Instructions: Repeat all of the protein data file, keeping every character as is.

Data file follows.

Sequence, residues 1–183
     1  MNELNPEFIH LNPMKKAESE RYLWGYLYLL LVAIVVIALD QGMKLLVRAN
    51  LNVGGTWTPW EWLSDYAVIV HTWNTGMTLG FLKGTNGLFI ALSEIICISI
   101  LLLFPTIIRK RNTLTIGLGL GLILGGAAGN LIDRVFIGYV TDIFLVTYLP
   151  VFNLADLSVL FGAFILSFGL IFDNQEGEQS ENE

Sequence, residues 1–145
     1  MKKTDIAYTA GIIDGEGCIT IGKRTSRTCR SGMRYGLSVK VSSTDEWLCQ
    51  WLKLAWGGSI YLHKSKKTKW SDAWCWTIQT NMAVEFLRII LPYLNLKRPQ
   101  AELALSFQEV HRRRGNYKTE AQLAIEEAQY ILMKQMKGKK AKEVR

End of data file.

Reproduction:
Sequence, residues 1–183
     1  MNELNPEFIH LNPMKKAESE RYLWGYLYLL LVAIVVIALD QGMKLLVRAN
    51  LNVGGTWTPW EWLSDYAVIV HTWNTGMTLG FLKGTNGLFI ALSEIICISI
   101  LLLFPTIIRK RNTLTIGLGL GLILGGAAGN LIDRVFIGYV TDIFLVTYLP
   151  VFNLADLSVL FGAFILSFGL IFDNQEGEQS ENE

Sequence, residues 1–145
     1  MKKTDIAYTA GIIDGEGCIT IGKRTSRTCR SGMRYGLSVK VSSTDEWLCQ
    51  WLKLAWGGSI YLHKSKKTKW SDAWCWTIQT NMAVEFLRII LPYLNLKRPQ
   101  AELALSFQEV HRRRGNYKTE AQLAIEEAQY ILMKQMKGKK AKEVR